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Up To Date

Up To Date's Indie, Foreign & Doc Critics' 'Three To See,' August 10-12

Josh Ethan Johnson
Rapidly approaching high school, 13-year-old Kayla, played by Elsie Fisher, suffers the slings and arrows of contemporary suburban adolescence in "Eighth Grade."

With the Kansas City Royals languishing and the Chiefs off to a disappointing preseason start, sports fans looking for respite (and not willing make the drive to see Sporting KC contend for the Western Conference) might consider a trip to their favorite cinema. Up To Date's Film Critics have offered up a selection of movies for your weekend consideration. What they lack in home runs and touchdowns, they more than make up for in heart.

Cynthia Haines

"The Cakemaker," not rated

  • When the affair ends between a married Israeli man and his German paramour, a baker named Thomas, the jilted lover travels to Jerusalem and infiltrates the cafe of his beau's wife.

"Three Identical Strangers," PG-13

  • A documentary of powerful reporting, with shocking revelations about identical triplets, separated at birth, who reunited as adults only to discover the ominous inner-machinations of their adoption agency.

"Love, Cecil," not rated

  • An engaging portrait of Cecil Beaton, photographer and costume designer, who was renowned for his iconic portraits of celebrities and was awarded two Academy Awards for design and direction work on "Gigi" and "My Fair Lady." (Showing at Tivoli Cinemas at 11 a.m., August 11)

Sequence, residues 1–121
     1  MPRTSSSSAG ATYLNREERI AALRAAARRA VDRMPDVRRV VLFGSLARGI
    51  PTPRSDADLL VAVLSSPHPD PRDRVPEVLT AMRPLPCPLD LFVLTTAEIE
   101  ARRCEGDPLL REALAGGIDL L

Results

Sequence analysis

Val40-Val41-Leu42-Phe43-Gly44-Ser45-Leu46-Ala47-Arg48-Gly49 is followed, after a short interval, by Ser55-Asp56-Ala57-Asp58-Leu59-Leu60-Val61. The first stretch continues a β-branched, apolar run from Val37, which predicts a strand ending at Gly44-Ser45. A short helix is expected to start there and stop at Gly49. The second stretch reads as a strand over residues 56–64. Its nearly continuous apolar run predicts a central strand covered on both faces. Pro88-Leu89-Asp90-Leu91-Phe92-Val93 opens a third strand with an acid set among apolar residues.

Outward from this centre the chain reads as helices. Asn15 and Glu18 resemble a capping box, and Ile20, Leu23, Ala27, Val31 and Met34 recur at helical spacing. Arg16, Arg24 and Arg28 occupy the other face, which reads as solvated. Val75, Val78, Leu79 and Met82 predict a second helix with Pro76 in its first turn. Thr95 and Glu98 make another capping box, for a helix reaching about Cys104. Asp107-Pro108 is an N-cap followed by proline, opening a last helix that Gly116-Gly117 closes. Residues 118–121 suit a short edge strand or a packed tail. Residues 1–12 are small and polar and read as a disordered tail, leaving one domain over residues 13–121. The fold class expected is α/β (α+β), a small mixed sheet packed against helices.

Steve Walker

"The Cakemaker," not rated

  • After the abrupt end of an affair between Oren, a bisexual Israeli businessman, husband, and father, and Thomas, a gay baker in Berlin, the latter moves to Jerusalem where he befriends Oren's wife and starts working in her cafe.

"Eighth Grade," R

  • This bruising but ultimately endearing look at an awkward teenage girl's last week of eighth grade, written and directed by Bo Burnham, is both an indictment of the cruel intentions of social media and a tribute to adolescent resilience.

"Three Identical Strangers," PG-13

  • This tragic and ironic documentary about triplets separated at birth celebrates their stranger-than-fiction reunion at age 19, then uncovers the nefarious agenda of the adoption agency that placed them.
Since 1998, Steve Walker has contributed stories and interviews about theater, visual arts, and music as an arts reporter at KCUR. He's also one of Up to Date's regular trio of critics who discuss the latest in art, independent and documentary films playing on area screens.
As culture editor, I oversee KCUR’s coverage of race, culture, the arts, food and sports. I work with reporters to make sure our stories reflect the fullest view of the place we call home, so listeners and readers feel primed to explore the places, projects and people who make up a vibrant Kansas City. Email me at luke@kcur.org.